Woodlawn Concert, Jewelry Auction to Benefit New Emergency Center



ELLSWORTH — Music and jewelry are entertaining, that’s for sure. But the purpose of Sunday’s POPS concert and jewelry auction at the Woodlawn Museum goes far beyond an afternoon of fun for Ellsworth residents and summer tourists.

All proceeds from the concert and auction will benefit The F. Eugene Dixon Jr. Emergency Center at the Maine Coast Memorial Hospital (MCMH). The project broke ground last October and has a target completion date of March 2010.

The event is also being presented by Bar Harbor Bank & Trust in conjunction with The Bar Harbor Music Festival. The concert on Aug. 2 will start at 4 p.m. Ticket prices range from $25 to $100, with $75 and $100 ticket holders getting complimentary wine and hors d’oeuvres, as well as access to a post-concert reception with the three musicians. The $25 ticket holders with lawn seating will be able to sit under the tent in case it rains.

Mezzo-soprano Fenlon Lamb, baritone Ryan Taylor and pianist Joseph Li will perform a two-hour program called “Tunes & Trinkets: Summertime Sparklers at Woodlawn.” During the intermission, the final bids for the jewelry auction will take place. Bidding starts at 3 p.m. and purchases can be made at the concert’s conclusion.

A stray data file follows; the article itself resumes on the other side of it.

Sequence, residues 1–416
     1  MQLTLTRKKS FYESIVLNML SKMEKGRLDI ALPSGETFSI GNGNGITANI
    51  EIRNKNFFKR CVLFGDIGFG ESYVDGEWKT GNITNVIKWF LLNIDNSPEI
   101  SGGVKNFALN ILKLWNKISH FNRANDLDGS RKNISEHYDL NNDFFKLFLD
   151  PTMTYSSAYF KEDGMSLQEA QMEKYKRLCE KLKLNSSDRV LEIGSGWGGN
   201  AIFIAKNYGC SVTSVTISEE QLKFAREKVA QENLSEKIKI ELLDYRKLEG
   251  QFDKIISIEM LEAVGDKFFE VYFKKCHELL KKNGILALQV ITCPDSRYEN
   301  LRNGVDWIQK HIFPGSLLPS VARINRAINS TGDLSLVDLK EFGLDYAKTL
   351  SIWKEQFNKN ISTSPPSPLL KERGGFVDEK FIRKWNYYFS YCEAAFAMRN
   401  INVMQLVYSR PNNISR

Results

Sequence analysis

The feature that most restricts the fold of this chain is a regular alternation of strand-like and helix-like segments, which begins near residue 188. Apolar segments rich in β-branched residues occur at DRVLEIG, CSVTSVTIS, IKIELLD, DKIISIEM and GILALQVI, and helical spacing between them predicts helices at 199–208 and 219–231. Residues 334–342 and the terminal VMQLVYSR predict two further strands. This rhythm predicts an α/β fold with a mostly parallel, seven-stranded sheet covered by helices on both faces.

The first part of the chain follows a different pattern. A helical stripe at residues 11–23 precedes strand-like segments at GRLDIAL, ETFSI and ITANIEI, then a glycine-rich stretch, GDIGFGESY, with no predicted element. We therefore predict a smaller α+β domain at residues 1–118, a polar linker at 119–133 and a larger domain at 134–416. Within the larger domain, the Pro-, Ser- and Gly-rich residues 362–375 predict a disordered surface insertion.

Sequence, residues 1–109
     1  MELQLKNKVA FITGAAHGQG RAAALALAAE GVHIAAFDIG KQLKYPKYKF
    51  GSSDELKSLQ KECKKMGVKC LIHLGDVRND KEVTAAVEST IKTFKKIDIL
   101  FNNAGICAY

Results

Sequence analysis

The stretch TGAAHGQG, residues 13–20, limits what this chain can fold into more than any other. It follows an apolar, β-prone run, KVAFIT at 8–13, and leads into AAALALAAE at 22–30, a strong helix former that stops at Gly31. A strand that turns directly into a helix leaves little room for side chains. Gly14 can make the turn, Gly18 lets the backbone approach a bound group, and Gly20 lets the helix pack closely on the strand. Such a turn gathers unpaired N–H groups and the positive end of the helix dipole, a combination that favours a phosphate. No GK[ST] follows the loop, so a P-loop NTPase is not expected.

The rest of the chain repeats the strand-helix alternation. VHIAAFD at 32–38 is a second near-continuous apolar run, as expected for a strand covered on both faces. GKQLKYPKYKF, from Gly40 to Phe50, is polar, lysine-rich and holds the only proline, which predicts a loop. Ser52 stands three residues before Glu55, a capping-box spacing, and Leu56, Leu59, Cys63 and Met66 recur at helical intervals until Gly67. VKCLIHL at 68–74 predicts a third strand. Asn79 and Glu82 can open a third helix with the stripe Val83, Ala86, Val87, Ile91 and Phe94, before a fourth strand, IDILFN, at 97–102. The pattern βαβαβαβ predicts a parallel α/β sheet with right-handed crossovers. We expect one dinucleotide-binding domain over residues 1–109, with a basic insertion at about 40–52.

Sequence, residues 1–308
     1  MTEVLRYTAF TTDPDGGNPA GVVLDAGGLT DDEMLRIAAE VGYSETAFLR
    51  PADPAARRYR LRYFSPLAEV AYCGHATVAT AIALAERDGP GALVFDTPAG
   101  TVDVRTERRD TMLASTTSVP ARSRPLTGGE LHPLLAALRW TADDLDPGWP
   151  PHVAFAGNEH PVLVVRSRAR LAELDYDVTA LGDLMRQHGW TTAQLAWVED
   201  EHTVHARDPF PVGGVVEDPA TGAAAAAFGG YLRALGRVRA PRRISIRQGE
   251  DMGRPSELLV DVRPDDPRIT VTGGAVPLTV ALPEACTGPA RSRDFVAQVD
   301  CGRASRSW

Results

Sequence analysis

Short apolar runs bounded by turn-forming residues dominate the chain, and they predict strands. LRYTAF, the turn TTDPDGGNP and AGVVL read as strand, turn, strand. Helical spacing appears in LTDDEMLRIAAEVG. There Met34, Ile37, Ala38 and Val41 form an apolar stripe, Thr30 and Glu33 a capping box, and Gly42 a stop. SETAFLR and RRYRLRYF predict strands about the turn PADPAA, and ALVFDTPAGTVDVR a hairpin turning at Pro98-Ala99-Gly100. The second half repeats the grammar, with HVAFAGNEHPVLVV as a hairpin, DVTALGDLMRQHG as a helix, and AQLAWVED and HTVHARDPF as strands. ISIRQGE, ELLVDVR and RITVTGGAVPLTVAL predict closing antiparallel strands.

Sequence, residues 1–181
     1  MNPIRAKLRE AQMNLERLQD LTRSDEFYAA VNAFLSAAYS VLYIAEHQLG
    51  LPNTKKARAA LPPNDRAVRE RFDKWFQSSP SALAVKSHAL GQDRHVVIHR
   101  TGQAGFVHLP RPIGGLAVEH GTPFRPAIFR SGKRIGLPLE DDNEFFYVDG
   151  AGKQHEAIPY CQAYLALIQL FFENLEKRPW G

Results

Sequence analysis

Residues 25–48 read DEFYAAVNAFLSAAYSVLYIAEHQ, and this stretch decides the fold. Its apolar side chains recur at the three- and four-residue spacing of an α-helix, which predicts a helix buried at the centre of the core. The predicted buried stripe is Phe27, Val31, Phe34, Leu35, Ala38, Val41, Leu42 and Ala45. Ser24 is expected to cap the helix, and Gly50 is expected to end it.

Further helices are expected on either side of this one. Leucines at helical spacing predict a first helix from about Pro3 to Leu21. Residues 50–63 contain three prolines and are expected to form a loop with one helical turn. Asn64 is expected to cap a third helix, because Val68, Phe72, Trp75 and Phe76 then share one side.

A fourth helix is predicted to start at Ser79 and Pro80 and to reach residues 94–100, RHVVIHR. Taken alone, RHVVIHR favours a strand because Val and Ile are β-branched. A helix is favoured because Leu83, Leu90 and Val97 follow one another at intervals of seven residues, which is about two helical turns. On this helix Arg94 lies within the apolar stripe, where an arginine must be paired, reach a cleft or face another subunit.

“I think that it’s really important to bring arts into the community,” said Lamb, who has performed with Taylor at the Bar Harbor Music Festival. “The hospital is doing outreach [with this event]. It sounded like a perfect match.”

The historic museum is on Route 172, southwest of downtown Ellsworth. The 180-acre estate with woodland and open fields was listed on the National Register of Historic Places in 1969. The museum offers audio tours of the early 19th century building.

“The setting is unusually nice,” Bar Harbor Bank & Trust President and CEO Joseph Murphy said. “We have a nice venue and a great cause to benefit from it.”

The inaugural POPS concert and auction is a change from a weekend golf tournament that the bank and MCMH sponsored during the past two decades. Murphy said the reasoning for the change was because it was tough to staff volunteers on weekends and that both organizations agreed to do something different this year.

The money raised from Sunday’s event will support MCMH’s $10-million campaign: “When Life is in the Balance.” Of that amount, $5 million is a capital campaign, while the other half is bonds. The capital campaign has raised $2.1 million, with $2.9 million to go by March, according to MCMH spokesman Jane Sanderson.

With the current emergency center experiencing frequent crowding, a two-story center named in honor of the late F. Eugene Dixon Jr. is being constructed. Dixon, who died in August 2006, previously served as chairman of the MCMH Board of Trustees.

The new emergency center designed by SMRT will be more than three times the size of the present one. It will include 13 private examination and treatment rooms, two new trauma treatment rooms, a heliport and a large reception and waiting area to take care of more than 18,000 patients each year.

For more arts & entertainment news, pick up a copy of The Ellsworth American.

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